Why I really don’t think it’s OK to use the “N” or “B” words.

September 28, 2013 (Facebook Status Update) – I just took a look at my FB feed and was a bit disgusted. No matter how you say it or spell it the “N” word means a low life human being. And the “B” word means a female dog; which is an animal that may at times eat its own young and feces, and offer its hind-parts to accept any male. If you, allow yourself to be called or call someone who you care about either … You are calling them out of their name. Don’t allow yourself to be defined LESS than God’s best. I just had to say something. Getting off my soapbox. —  feeling frustrated.

The other day I wrote the above status update on Facebook.  I had just finished taking a glance at my Facebook newsfeed where the “N” and “B” words were being used so casually by some of my friends.  I was actually shocked that so many of them thought it was ok to post photos and statuses using different spellings of both words as either endearments or to just generally describe others and themselves.  Normally, I do not say anything and just scroll passed the imagery, and the ignorance.  However this time I couldn’t.  I had to take a stand and say something.  Especially when many of the people that were doing the posting were around my own age or older and have children!

Don’t get me wrong, I cannot really judge anyone else.  I am far from perfect.  However I do have the freedom to state my own opinions.  I don’t know, maybe it is just me and the fact I was raised by older parents.  Both of my parents had experienced firsthand racism during and before the civil rights movement and having a paternal grandmother that migrated from the South in the 1930s to New York.  She had worked as a domestic back home in rural South Carolina and had moved up North to obtain a nursing degree.  I can only imagine what all of them may have overheard growing up and as they navigated through adulthood.  Either case they instilled the importance of not allowing other people to define me with words and place labels on me that by their basic definitions would degrade me.

It amazes me still now with the invention of Social Media, how casually people use the “N” and “B” words in imagery and in the everyday speech. The thing is it’s not ok.  We are raising a generation of people that are ok with having labels placed on them that describe them as lazy, lowlifes and as animals. I can very clearly remember the first and last time I was called the “N” word to my face.  I had to be about 10 or 11 years old.  I was on my way to school, and I was walking while reading.  I say it that way because I was such a bookworm even when I was a little girl that I mastered the ability to read and walk at the same time and still was conscious of my surroundings.  I wasn’t crazy enough to read and cross the street; however I think I did attempt to at least once or twice.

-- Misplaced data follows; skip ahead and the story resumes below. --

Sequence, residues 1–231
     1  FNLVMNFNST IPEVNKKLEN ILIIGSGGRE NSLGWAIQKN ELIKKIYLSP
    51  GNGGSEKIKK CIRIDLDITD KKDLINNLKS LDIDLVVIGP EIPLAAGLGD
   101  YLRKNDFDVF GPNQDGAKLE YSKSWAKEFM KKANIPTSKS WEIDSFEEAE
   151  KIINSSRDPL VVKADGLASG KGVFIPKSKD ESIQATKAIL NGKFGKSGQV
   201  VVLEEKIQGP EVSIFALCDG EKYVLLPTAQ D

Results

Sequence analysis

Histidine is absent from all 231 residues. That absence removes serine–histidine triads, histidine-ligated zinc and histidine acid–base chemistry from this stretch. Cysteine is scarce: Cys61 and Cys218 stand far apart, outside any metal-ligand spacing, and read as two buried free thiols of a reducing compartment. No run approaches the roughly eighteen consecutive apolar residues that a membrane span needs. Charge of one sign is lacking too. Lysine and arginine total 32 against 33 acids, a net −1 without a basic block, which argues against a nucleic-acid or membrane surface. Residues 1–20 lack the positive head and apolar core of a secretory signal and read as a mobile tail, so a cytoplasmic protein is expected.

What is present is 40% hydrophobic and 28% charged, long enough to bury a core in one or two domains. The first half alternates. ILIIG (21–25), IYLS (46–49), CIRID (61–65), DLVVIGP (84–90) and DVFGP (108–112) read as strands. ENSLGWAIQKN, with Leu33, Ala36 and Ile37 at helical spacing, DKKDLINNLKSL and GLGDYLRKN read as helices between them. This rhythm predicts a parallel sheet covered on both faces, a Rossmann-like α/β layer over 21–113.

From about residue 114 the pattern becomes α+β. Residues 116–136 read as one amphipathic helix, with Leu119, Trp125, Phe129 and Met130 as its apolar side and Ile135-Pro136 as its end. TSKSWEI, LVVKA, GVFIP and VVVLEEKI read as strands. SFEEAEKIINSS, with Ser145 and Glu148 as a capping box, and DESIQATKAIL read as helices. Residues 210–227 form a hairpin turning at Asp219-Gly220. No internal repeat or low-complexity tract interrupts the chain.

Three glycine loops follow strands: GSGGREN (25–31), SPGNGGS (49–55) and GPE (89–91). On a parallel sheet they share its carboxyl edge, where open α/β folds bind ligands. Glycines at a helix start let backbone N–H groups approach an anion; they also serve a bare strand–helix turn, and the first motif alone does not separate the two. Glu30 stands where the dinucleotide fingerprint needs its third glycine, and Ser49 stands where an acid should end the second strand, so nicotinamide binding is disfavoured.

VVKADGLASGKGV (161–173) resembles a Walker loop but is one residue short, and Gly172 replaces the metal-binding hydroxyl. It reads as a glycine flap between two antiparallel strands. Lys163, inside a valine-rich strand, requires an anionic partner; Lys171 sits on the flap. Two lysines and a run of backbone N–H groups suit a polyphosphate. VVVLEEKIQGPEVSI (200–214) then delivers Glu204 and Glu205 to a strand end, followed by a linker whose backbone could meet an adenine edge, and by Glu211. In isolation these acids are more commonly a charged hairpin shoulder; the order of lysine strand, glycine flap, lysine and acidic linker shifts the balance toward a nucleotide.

I had to be about a block or two away from my junior high school when the incident occurred.  My school was about a mile or so away from my home.  It was in the heart of one of the Hassidic Jewish communities of Flatbush Brooklyn.  I have never had issues with this community before or even since.  However, I was shocked into a stupor of the exchange I had with a Jewish girl of about my own age.

She was standing at the corner with her friends and they were preparing to get on their school bus.  As I turned the corner, still reading, I almost walked into her.  When I noticed I was about to hit her I stopped looked up smiled, apologized and began to walk away.  She then very casually, as her little face began to redden said “You stupid N*gger, watch where you are going!”  At that point I had to stop and slowly turn around and look at her for a second. I know in that brief moment I could see myself slapping the taste out of her mouth.   However, what would that really have achieved but some satisfaction for me. Even though getting physical with someone is totally out of my character.  I in turn and am so proud of myself even at that young age said to her.  ‘How dare you call me out of my name?  You of all people!?!  Hasn’t your community also been called things that they are not?  I am not the “N” word!” I then stormed off, but could still hear her laughing with her mean girl friends.

I can tell you this now.  That behavior was not born in her. She had to be taught by someone that it was ok to use that type of language.  To my knowledge none of her friends even corrected her.  I think at that age I had only heard of the usage of the “N” word as I was brought up to call it, in the historical sense.  Just a few years later it began appearing in the music that played on the radio and in the pop culture of the 90s with its counterpart the “B” word.  Sadly by people that looked like me; other people of African descent.  They had decided to begin using both words as terms of endearment; redefining their meanings amongst each other.

Very rapidly the rest of society started to adapt the usage of the words as well.  However, with all this so called change; their root definitions in dictionaries like Webster didn’t. Ironically, more than 20 years later, they still haven’t changed.  Something definitely to think about…

© 2013, Lela Jefferson Fagan. All rights reserved.

About Lela Jefferson Fagan

Lela Fagan (Jefferson) is the author of the book “Poetry of a Black Girl: The Darkness and the Light” and lead blogger at “Memoirs of a Black Girl”. Lela is an avid reader “A Real Bookworm” of all things in print. She finds joy in sharing socially and blogging about topics that matter the most to her. Born and raised in Brooklyn, NY. Lela now lives in Houston, TX with her husband Oji, an educator and Football Coach. @LelaJefferson - See more at: http://www.memoirsofablackgirl.com/

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